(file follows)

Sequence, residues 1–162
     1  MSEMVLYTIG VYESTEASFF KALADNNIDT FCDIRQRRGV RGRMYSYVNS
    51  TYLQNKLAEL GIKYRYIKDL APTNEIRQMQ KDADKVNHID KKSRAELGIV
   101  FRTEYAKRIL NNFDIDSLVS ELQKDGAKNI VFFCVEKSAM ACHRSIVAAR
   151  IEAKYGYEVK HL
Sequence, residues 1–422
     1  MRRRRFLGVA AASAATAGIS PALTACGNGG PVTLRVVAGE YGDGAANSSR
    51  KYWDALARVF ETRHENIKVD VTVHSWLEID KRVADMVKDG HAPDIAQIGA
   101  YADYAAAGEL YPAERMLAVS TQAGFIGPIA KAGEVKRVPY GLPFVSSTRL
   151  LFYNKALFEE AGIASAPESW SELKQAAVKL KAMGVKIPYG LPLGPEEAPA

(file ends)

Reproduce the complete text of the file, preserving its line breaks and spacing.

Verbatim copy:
Sequence, residues 1–162
     1  MSEMVLYTIG VYESTEASFF KALADNNIDT FCDIRQRRGV RGRMYSYVNS
    51  TYLQNKLAEL GIKYRYIKDL APTNEIRQMQ KDADKVNHID KKSRAELGIV
   101  FRTEYAKRIL NNFDIDSLVS ELQKDGAKNI VFFCVEKSAM ACHRSIVAAR
   151  IEAKYGYEVK HL
Sequence, residues 1–422
     1  MRRRRFLGVA AASAATAGIS PALTACGNGG PVTLRVVAGE YGDGAANSSR
    51  KYWDALARVF ETRHENIKVD VTVHSWLEID KRVADMVKDG HAPDIAQIGA
   101  YADYAAAGEL YPAERMLAVS TQAGFIGPIA KAGEVKRVPY GLPFVSSTRL
   151  LFYNKALFEE AGIASAPESW SELKQAAVKL KAMGVKIPYG LPLGPEEAPA